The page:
NCAVP mourns the death of Courtney “Eshay” Key, a 25-year-old Black transgender woman in Chicago, IL

NCAVP mourns the death of Courtney “Eshay” Key, a 25-year-old Black transgender woman in Chicago, IL, who was fatally shot in the late hours of December 25. Friends and family of Courtney believe the death was a hate violence.

Friends and family of Courtney have only discussed her loss with one news outlet, stating that she was “the life of the party – hilarious and determined.” Her lifelong friend Beverly Ross called out the Chicago Police Department for deadnaming and misgendering Courtney, stating ““We are human. We are real … we’re tired of Chicago police misgendering trans people.” “She wanted to be something … she wanted to beat the odds,” says Beverly.

Brave Space Alliance, a Black-led, trans-led LGBTQ Community Center has also spoken out on the death of Courtney, commenting on the insulting and demeaning nature of deadnaming and misgendering trans folk: “We become disposable because there’s a lot of us [who] are in need of help. [We] think you’re telling us we’re worthless, that we’re not worthy of living life, because of the way we’re misgendered. This is a continual thing.” The org is also helping Courtney’s family with funeral costs.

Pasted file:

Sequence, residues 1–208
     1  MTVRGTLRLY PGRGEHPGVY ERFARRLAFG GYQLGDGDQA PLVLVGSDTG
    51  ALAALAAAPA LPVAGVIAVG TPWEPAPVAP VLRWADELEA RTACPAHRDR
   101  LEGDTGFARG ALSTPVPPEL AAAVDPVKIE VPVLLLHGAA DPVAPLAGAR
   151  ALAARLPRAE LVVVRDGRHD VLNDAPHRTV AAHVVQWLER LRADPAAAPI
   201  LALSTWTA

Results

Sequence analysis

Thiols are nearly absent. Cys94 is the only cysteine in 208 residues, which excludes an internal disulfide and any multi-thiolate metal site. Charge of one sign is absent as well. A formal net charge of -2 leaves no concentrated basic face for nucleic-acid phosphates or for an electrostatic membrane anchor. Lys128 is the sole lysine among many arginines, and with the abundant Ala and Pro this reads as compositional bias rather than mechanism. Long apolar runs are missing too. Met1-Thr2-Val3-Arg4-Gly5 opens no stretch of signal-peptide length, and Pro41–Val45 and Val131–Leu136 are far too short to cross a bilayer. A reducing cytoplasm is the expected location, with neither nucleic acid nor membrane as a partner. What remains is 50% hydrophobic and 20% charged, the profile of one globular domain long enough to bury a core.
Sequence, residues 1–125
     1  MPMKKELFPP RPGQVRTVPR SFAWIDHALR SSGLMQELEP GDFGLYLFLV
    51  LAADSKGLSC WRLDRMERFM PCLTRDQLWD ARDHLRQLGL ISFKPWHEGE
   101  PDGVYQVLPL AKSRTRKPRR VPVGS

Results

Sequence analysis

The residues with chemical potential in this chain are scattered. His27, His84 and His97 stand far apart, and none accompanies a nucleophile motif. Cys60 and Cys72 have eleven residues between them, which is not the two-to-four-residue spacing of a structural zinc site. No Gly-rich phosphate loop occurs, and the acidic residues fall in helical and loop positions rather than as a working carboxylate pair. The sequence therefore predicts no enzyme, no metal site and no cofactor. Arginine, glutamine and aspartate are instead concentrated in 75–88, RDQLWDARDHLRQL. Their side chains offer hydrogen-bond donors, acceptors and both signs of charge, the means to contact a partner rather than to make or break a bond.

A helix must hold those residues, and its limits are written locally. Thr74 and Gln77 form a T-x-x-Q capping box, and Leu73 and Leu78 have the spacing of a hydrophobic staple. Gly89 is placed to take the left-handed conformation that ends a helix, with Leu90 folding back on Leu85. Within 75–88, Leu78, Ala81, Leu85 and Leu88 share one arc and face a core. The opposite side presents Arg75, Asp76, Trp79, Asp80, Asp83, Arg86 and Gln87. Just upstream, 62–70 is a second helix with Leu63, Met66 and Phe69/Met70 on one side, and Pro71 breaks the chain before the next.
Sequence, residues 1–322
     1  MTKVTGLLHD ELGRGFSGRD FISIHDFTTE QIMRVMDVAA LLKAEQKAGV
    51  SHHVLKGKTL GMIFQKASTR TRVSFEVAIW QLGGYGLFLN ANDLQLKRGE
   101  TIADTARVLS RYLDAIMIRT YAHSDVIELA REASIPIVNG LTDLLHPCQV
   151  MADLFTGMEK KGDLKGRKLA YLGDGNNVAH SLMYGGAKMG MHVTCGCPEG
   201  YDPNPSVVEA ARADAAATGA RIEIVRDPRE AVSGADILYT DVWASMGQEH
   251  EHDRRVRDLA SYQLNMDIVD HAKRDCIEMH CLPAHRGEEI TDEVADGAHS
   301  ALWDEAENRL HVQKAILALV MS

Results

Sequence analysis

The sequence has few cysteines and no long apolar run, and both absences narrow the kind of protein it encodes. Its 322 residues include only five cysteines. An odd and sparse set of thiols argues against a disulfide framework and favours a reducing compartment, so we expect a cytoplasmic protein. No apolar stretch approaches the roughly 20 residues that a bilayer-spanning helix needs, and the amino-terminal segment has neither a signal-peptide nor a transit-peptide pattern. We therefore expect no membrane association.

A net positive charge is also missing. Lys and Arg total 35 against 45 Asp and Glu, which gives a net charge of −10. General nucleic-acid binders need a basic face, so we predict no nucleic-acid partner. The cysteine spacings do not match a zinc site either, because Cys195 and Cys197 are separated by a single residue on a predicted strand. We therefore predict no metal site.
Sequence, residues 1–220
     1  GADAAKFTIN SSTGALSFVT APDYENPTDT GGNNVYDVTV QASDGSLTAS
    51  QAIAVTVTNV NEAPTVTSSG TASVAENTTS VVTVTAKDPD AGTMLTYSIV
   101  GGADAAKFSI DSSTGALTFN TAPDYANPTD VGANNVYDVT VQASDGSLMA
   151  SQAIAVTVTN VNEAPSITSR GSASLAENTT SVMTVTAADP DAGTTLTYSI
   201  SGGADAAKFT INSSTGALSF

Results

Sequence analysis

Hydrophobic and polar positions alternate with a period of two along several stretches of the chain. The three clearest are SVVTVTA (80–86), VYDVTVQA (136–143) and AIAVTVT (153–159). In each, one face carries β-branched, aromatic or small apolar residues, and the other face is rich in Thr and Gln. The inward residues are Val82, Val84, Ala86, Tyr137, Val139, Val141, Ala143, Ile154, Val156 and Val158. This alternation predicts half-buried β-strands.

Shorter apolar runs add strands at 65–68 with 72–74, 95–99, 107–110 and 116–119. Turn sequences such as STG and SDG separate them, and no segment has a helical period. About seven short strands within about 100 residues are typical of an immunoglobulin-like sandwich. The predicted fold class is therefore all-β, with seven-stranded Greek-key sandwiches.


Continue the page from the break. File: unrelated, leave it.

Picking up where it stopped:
NCAVP stands in solidarity with Black trans women, and we know that it is always hard to read these reports of violence against our communities. We know this can be even more painful when there continues to be an unchecked epidemic of homicides of Black trans women, as police violence is escalating against Black and brown people, and our nation continues to be grappling with the COVID-19 pandemic that highlights long standing healthcare disparities for Black and brown communities. If you need support in these difficult times, you can always reach out to your local NCAVP member. If you or someone you know is experiencing violence, you can reach our free bilingual national hotline at 212-714-1141 or report online for support.

NCAVP works to prevent, respond to, and end all forms of violence against and within lesbian, gay, bisexual, transgender, queer (LGBTQ) and HIV-affected communities. NCAVP is a national coalition of local member programs and affiliate organizations who create systemic and social change. NCAVP is a program of the New York City Anti-Violence Project.